Frequently napping during the day may be a sign of fatigue or growing older, but a new study suggests it may also be a warning sign of Alzheimer’s disease. The study, out of UC San Francisco, found that sleeping too much during the day — especially if there are no sleeping problems at night — could be a sign that the beginning of Alzheimer’s may be impacting the part of the brain associated with staying awake. The study found that …
Diet, physical exercise, strong mental health, and spiritual fitness. Here’s how these four factors are the keys to staving off memory loss.
An estimated 17,000 Delawareans age 65 and older are living with Alzheimer’s disease, and that number is only expected to increase over the next several years. This represents 11% of the state’s senior population. Though research is still evolving, growing evidence shows that people can reduce their risk of Alzheimer’s by making key lifestyle changes, including participating in regular physical and mental activity and maintaining good heart health.
As China grants conditional approval to a new drug for the treatment of Alzheimer’s disease, we tell you about the causes, symptoms and risk factors behind the condition. Here’s how you can reduce of your chance of developing the condition.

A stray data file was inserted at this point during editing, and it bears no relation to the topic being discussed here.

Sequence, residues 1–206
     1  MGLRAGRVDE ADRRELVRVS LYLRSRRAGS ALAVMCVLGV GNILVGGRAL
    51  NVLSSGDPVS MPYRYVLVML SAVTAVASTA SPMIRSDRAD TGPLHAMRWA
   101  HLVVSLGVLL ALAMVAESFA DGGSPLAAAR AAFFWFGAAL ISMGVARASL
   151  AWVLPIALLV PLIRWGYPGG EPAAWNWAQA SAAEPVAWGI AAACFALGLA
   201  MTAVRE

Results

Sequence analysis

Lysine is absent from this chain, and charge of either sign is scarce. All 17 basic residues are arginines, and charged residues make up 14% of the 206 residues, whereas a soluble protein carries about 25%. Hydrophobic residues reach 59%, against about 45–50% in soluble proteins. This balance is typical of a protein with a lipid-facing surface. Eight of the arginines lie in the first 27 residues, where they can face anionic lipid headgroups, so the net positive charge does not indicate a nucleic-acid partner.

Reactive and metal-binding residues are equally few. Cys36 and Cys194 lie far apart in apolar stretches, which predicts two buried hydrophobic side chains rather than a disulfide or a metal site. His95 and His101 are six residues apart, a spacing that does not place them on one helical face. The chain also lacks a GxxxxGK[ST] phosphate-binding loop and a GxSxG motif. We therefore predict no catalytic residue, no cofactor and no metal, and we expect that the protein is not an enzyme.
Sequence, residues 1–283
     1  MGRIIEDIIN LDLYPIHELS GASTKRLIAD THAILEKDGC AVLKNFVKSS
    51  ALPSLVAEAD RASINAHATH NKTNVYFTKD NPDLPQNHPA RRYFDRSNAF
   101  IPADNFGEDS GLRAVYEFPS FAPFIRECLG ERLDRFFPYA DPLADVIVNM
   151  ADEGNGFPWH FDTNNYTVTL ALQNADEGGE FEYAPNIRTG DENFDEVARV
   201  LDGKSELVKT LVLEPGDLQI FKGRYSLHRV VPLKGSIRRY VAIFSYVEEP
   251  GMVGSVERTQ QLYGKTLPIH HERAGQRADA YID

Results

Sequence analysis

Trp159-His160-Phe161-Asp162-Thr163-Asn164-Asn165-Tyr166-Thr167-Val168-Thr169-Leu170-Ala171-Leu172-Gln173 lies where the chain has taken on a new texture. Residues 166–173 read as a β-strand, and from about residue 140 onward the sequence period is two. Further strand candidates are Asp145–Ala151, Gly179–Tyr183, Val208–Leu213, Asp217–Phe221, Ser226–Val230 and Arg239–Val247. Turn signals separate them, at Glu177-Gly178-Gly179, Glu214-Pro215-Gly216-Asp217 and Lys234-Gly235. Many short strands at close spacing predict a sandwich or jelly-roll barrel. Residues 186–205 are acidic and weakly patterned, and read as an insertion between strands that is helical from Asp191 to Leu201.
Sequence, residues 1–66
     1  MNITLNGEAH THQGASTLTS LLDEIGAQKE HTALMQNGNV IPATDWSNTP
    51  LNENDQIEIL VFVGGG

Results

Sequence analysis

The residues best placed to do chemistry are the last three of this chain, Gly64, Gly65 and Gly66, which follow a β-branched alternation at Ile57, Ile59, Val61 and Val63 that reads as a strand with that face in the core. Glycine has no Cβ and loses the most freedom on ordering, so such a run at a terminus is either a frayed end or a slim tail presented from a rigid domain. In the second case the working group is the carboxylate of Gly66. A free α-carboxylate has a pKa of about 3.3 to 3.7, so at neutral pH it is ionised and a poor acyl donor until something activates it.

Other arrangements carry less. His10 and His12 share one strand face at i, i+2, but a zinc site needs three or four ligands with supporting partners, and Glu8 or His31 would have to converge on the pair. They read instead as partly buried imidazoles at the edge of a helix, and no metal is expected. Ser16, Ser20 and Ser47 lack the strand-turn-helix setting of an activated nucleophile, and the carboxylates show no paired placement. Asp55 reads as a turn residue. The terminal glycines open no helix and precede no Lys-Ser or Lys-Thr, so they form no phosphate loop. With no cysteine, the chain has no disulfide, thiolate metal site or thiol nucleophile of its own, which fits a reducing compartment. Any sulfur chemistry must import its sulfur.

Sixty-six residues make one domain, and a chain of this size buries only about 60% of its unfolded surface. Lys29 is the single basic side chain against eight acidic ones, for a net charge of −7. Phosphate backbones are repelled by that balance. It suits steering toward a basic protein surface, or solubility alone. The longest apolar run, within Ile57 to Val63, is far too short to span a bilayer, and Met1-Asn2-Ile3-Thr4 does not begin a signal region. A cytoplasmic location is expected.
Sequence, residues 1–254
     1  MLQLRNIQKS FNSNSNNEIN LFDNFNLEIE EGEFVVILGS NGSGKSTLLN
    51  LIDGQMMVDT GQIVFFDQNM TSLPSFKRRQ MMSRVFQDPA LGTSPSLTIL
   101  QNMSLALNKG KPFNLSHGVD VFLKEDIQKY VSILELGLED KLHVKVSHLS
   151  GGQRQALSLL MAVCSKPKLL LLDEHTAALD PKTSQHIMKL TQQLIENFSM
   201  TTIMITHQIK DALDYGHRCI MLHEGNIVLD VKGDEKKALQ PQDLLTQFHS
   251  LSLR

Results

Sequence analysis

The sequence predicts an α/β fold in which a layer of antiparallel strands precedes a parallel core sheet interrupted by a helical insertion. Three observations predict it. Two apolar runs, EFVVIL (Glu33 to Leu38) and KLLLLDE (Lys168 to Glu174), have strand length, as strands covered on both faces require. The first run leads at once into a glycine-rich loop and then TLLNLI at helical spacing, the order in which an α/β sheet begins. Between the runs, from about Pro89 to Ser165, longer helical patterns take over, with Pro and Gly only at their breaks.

Professional soccer players may have a much higher risk of developing neurodegenerative diseases like dementia, Alzheimer’s or Parkinson’s than the general population, a new study finds.
Being physically fit may sharpen the memory and lower our risk of dementia, even if we do not start exercising until we are older.
Your teeth and your brain are both housed in your head, but what does oral care have to do with the health of your brain?
A half hour of aerobic exercise four to five times a week may prevent or slow cognitive decline in older adults who are at a high risk of developing Alzheimer’s, according to a study published Tuesday in the Journal of Alzheimer’s Disease.
Recent studies suggest that an eye test could reveal how likely a person is to develop Alzheimer’s disease (AD) later in life.